Have you ever felt that way in hard times? Have you ever thought, “If I wasn’t obeying God, these problems would be understandable.” What is the answer? What is remarkable about this psalm is that there is no answer given as to why God was not there… because in the end no answer would satisfy. What answer could be given to the person eaten up with cancer as to why they are suffering that would cause them to say, “Oh, I get it! Now I understand! Everything is alright now”? There is no answer that immediately removes the pain of a heart broken by the loss of a loved one or a broken or troubled marriage.
There is no answer. There is only trust and faith.
Though overcome with questions and doubts, the psalmist persevered with these words of power, “Arise for our help, and redeem us for your mercies sake” (44:26). Our comfort in hard times does not come from an “answer,” but from continued confidence in our God we have believed in and submitted to. It comes from having faith that “farther along we’ll know all about it, farther along we’ll understand why. Cheer up my brother, live in the sunshine; we’ll understand it all by and by.” Then we will know that, though we didn’t understand our problems at the moment, God got us through—and that will be enough.
The Planned Death of Jesus
By Tom Rose
One of the ways in which pseudo-scholars, critics, and skeptics attack our Lord is by denying that His sufferings were planned and purposeful. His death, they insist, resulted from a miscalculation; it was a noble attempt to bring goodness into the world, but ended in an unplanned disaster. But nothing could be further from the truth. The whole trajectory of His life was prophesied 700 years before and included every aspect of His career as the Messiah, Servant of Jehovah in the book of Isaiah. Indeed, He came into the world “not to do My own will, but the will of Him who sent me” (Jn 6:38)…and the Father’s will was for Him to die. Jesus was not a well-intentioned victim of a plan that surprised Him when it went horribly wrong. No, He knew exactly how His life would end, down to the minutest detail, and had know it since before the foundation of the world when the plan of salvation was formed.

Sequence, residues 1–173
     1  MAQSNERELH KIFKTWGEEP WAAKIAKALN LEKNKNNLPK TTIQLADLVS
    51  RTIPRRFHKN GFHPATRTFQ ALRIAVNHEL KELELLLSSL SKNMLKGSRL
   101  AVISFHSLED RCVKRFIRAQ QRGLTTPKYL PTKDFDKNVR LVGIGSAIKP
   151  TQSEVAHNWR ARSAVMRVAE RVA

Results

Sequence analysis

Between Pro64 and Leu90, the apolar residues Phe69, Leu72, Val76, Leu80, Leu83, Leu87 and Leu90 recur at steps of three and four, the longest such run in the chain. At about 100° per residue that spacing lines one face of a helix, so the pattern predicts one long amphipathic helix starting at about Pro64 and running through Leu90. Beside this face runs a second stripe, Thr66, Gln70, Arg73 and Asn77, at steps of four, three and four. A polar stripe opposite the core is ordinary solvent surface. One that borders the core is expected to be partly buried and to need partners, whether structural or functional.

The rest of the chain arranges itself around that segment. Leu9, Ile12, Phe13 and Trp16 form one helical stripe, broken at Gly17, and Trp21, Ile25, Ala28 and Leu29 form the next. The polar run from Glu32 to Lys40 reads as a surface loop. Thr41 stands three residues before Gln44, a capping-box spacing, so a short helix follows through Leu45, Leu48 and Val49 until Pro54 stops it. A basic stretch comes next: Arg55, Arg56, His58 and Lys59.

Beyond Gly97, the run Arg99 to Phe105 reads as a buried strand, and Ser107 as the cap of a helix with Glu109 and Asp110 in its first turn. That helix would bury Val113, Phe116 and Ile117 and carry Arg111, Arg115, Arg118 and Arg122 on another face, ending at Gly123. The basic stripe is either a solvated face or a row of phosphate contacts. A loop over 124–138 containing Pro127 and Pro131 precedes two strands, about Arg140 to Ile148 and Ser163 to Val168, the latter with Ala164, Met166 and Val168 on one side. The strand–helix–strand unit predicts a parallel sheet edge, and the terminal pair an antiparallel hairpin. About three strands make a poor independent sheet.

Luke 18:31-34 is the third and most complete of Christ’s specific predictions concerning His death as recorded by Luke— the first is found in Lk 9:21-22; and the second in Lk 9:44. Jesus was on His final journey to Jerusalem to celebrate the Passover. So that there would be no misunderstanding, He takes the twelve aside to remind them, with specific details, what was about to happen to Him was God’s plan. Yet, despite Jesus’ clear teaching, the disciples failed to perceive the meaning of what He had taught them. The threefold repetition in v. 34 says, 1) they understood none of these things, 2) this saying was hidden from them; and 3) they did not know the things that were spoken.
But there was a perfectly good reason that the disciples failed to grasp the Lord’s teaching about His suffering and death; it failed to fit their messianic theology. They expected the Messiah to be a king, who would defeat Israel’s enemies and establish His kingdom. (Recall Bro. Pope’s reference to Acts 1:6 this morning.) They were looking for a coronation, not a crucifixion; for a messiah who killed His enemies, not one who was killed by His own people, and (even more unthinkable) willing to forgive His enemies as they did so. The idea of a crucified Messiah was an absurdity to them; it was so ridiculous that they could not even comprehend it. “The word of the cross is foolishness to those who are perishing,” wrote Paul in 1 Corinthians 1:18. Thus, “Christ crucified” was “to Jews a stumbling block” (v. 23) a massive barrier that they could not get past.
After His resurrection Christ reaffirmed the veracity of the O.T. teachings and gently rebuked two of his disciples, on the road to Emmaus, for their failure to understand it (Luke 24:23-25).
Eventually, His disciples came to understand it, to believe it, and to preach it…beginning in the first century and continuing down to the present time.
Never allow anyone to discount or minimize the importance of the death and resurrection of our Lord, Jesus Christ, for as the hymn says, “Without Him, how lost I would be.”